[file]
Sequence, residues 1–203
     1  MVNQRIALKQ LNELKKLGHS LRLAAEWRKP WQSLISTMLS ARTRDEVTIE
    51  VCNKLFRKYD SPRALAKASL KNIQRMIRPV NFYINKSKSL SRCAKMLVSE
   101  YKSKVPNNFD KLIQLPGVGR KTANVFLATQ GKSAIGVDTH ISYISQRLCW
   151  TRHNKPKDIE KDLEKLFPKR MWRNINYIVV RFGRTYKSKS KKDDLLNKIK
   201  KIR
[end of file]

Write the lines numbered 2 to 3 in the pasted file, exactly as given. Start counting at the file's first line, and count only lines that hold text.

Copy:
     1  MVNQRIALKQ LNELKKLGHS LRLAAEWRKP WQSLISTMLS ARTRDEVTIE
    51  VCNKLFRKYD SPRALAKASL KNIQRMIRPV NFYINKSKSL SRCAKMLVSE